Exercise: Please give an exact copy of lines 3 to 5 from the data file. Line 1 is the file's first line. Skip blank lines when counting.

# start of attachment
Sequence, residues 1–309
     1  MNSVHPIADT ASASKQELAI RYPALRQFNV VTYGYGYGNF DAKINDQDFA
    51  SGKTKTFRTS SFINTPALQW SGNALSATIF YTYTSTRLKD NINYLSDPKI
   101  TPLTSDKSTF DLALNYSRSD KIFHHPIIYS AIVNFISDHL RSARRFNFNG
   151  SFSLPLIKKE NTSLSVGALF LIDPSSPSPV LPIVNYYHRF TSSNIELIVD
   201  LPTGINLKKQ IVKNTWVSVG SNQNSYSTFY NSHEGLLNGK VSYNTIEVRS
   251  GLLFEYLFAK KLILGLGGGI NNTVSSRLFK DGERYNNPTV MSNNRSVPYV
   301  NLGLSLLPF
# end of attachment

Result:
    51  SGKTKTFRTS SFINTPALQW SGNALSATIF YTYTSTRLKD NINYLSDPKI
   101  TPLTSDKSTF DLALNYSRSD KIFHHPIIYS AIVNFISDHL RSARRFNFNG
   151  SFSLPLIKKE NTSLSVGALF LIDPSSPSPV LPIVNYYHRF TSSNIELIVD